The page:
- not many but more than one: Few artists live luxuriously.
- (used with a plural verb) a small number or amount: Send me a few.
- the few, a special, limited number; the minority: That music appeals to the few.
- (used with a plural verb) a small number of persons or things: A dozen people volunteered, but few have shown up.
- few and far between, at widely separated intervals; infrequent: In Nevada the towns are few and far between.
- quite a few, a fairly large number; many: There were quite a few interesting things to do.
Origin of few
- a small number of; hardly anyfew men are so cruel
- (as pronoun; functioning as plural)many are called but few are chosen
- (preceded by a)
- a small number ofa few drinks
- (as pronoun; functioning as plural)a few of you
- a good few informal several
- few and far between
- at great intervals; widely spaced
- not abundant; scarce
- have a few or have a few too many to consume several (or too many) alcoholic drinks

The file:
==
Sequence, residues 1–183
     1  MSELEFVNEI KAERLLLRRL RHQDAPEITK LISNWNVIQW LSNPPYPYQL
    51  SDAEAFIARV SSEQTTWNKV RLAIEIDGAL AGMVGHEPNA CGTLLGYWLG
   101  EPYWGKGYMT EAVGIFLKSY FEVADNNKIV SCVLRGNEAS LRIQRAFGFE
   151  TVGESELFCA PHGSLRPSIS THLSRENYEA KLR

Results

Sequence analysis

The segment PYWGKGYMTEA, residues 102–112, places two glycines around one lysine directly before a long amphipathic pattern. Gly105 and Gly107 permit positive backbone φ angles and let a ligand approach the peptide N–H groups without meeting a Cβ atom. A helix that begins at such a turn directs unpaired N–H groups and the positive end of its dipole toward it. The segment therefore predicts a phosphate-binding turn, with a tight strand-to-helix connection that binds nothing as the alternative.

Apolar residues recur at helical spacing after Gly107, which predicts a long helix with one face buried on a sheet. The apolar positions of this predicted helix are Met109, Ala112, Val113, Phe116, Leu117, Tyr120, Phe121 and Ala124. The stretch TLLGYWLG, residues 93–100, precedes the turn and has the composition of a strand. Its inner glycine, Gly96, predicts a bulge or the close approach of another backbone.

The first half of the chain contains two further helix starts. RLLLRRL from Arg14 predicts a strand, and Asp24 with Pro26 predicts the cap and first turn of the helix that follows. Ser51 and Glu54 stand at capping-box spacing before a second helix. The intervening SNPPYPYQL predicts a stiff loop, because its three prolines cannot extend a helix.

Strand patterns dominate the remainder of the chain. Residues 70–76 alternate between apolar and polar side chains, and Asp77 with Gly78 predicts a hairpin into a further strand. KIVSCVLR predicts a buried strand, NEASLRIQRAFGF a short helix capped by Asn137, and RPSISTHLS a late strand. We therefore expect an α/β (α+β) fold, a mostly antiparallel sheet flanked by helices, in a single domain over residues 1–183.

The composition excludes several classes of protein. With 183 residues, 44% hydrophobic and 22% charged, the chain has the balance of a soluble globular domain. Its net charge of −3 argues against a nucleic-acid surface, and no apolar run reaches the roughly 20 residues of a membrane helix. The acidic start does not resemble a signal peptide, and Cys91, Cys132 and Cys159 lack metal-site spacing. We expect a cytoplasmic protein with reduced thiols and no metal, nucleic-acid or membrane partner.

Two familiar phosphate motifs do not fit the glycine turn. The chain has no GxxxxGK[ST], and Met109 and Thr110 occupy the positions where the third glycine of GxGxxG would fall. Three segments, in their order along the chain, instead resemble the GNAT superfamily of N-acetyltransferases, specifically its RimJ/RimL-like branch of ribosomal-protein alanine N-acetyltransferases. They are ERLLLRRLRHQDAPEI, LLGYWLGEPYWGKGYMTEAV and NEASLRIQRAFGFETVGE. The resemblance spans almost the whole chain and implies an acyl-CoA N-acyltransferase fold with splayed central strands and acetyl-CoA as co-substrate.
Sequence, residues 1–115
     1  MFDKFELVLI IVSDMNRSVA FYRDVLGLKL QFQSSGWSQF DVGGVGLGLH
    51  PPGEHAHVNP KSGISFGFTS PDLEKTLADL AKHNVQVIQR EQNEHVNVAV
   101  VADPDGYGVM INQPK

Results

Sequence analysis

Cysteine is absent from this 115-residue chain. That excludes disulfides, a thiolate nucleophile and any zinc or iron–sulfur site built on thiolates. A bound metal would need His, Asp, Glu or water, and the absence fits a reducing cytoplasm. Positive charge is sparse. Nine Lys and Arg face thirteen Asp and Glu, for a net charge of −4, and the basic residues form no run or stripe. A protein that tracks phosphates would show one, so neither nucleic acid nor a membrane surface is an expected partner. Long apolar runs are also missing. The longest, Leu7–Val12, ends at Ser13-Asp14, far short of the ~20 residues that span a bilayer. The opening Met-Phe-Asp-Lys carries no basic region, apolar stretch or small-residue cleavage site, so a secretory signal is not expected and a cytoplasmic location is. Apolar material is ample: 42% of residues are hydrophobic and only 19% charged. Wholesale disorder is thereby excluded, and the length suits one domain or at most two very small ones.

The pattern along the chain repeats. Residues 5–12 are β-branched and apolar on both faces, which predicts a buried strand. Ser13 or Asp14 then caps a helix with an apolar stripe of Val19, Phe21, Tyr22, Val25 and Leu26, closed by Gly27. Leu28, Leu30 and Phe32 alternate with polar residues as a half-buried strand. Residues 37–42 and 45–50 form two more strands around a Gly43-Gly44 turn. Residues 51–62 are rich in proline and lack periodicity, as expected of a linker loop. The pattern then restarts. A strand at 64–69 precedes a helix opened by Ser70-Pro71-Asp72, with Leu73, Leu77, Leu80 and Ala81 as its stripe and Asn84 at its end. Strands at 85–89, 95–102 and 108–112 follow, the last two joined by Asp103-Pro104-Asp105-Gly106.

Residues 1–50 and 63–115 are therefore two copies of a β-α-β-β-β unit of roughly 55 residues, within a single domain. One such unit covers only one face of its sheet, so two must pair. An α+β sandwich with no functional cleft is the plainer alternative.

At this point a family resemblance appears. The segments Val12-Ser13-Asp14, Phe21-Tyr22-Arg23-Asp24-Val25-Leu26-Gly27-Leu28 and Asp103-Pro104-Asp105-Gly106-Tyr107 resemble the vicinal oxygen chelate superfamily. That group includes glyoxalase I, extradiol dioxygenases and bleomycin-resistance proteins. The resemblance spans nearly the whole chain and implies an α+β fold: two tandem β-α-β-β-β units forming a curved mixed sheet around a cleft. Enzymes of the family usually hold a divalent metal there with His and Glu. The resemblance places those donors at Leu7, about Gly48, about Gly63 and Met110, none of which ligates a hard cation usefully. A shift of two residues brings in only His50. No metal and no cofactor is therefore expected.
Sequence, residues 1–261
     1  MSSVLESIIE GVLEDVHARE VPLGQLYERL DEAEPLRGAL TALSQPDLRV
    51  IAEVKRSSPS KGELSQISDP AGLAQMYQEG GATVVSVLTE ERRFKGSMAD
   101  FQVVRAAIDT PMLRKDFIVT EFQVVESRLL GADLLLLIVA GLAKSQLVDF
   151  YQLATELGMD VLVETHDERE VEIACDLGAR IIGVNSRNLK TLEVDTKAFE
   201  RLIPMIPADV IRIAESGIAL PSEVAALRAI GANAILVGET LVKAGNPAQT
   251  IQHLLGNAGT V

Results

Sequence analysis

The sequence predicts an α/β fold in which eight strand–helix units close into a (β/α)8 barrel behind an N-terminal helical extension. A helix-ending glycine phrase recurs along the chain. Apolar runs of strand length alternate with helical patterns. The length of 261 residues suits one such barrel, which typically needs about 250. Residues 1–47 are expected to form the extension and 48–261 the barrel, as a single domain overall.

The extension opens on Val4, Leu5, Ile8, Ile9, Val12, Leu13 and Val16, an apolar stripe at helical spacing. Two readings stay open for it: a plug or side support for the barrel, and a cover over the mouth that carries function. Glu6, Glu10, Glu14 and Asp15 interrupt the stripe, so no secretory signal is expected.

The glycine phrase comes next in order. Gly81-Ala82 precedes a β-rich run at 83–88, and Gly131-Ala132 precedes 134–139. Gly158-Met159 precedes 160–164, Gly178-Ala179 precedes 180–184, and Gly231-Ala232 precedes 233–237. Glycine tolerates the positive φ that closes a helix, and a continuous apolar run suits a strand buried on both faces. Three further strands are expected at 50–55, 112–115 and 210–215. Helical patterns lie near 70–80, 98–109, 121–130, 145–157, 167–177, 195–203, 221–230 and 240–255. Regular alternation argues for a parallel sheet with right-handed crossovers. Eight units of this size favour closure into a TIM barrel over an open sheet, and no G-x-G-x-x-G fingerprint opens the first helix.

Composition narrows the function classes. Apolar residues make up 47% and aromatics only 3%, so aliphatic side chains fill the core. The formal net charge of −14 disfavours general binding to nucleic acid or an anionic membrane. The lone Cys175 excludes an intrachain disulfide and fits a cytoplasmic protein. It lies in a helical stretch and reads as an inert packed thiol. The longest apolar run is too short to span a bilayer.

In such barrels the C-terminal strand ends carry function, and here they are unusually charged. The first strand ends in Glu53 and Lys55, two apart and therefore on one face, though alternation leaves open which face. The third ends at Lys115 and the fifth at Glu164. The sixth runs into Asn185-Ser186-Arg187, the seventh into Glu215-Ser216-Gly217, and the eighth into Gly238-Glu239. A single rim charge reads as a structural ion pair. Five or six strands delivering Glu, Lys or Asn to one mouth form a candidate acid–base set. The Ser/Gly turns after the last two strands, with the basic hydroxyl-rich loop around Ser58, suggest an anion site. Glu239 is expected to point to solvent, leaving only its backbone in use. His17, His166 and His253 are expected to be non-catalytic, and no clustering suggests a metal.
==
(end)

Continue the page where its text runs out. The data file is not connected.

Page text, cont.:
- not a few or quite a few informal several
- the few a small number of people considered as a classthe few who fell at Thermopylae Compare many (def. 4)
Word Origin and History for few and far between
Old English feawe (plural; contracted to fea) "few, seldom, even a little," from Proto-Germanic *faw-, from PIE root *pau- (1) "few, little" (cf. Latin paucus "few, little," paullus "little," parvus "little, small," pauper "poor;" Greek pauros "few, little," pais (genitive paidos) "child;" Latin puer "child, boy," pullus "young animal;" Oscan puklu "child;" Sanskrit potah "a young animal," putrah "son;" Old English fola "young horse;" Old Norse fylja "young female horse;" Old Church Slavonic puta "bird;" Lithuanian putytis "young animal, young bird"). Always plural in Old English.
Phrase few and far between attested from 1660s. Unusual ironic use in quite a few "many" (1883), earlier a good few (1828). The noun is late 12c., fewe, from the adjective.
Never in the field of human conflict was so much owed by so many to so few. [Winston Churchill, 1940]
Idioms and Phrases with few and far between
few and far between
At wide intervals, scarce, as in Supporters of the amendment are few and far between. This expression originally was used very literally for physical objects such as houses appearing at widely separated intervals. Today it is also used more loosely. [Mid-1600s]